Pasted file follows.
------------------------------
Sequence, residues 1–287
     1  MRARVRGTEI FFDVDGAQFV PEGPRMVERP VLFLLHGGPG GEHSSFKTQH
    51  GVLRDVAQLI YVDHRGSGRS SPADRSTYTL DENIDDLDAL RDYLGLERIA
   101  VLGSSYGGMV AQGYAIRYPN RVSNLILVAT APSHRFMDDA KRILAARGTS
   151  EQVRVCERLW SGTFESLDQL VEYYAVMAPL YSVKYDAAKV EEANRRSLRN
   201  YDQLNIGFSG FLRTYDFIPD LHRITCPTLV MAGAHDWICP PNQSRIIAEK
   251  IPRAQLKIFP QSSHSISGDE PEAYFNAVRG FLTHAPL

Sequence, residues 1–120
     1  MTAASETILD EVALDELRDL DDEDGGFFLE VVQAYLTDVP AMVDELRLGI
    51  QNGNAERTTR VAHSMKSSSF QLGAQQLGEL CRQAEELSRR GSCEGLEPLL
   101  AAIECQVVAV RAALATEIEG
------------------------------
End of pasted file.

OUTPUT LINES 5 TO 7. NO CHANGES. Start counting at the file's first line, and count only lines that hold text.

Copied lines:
   151  EQVRVCERLW SGTFESLDQL VEYYAVMAPL YSVKYDAAKV EEANRRSLRN
   201  YDQLNIGFSG FLRTYDFIPD LHRITCPTLV MAGAHDWICP PNQSRIIAEK
   251  IPRAQLKIFP QSSHSISGDE PEAYFNAVRG FLTHAPL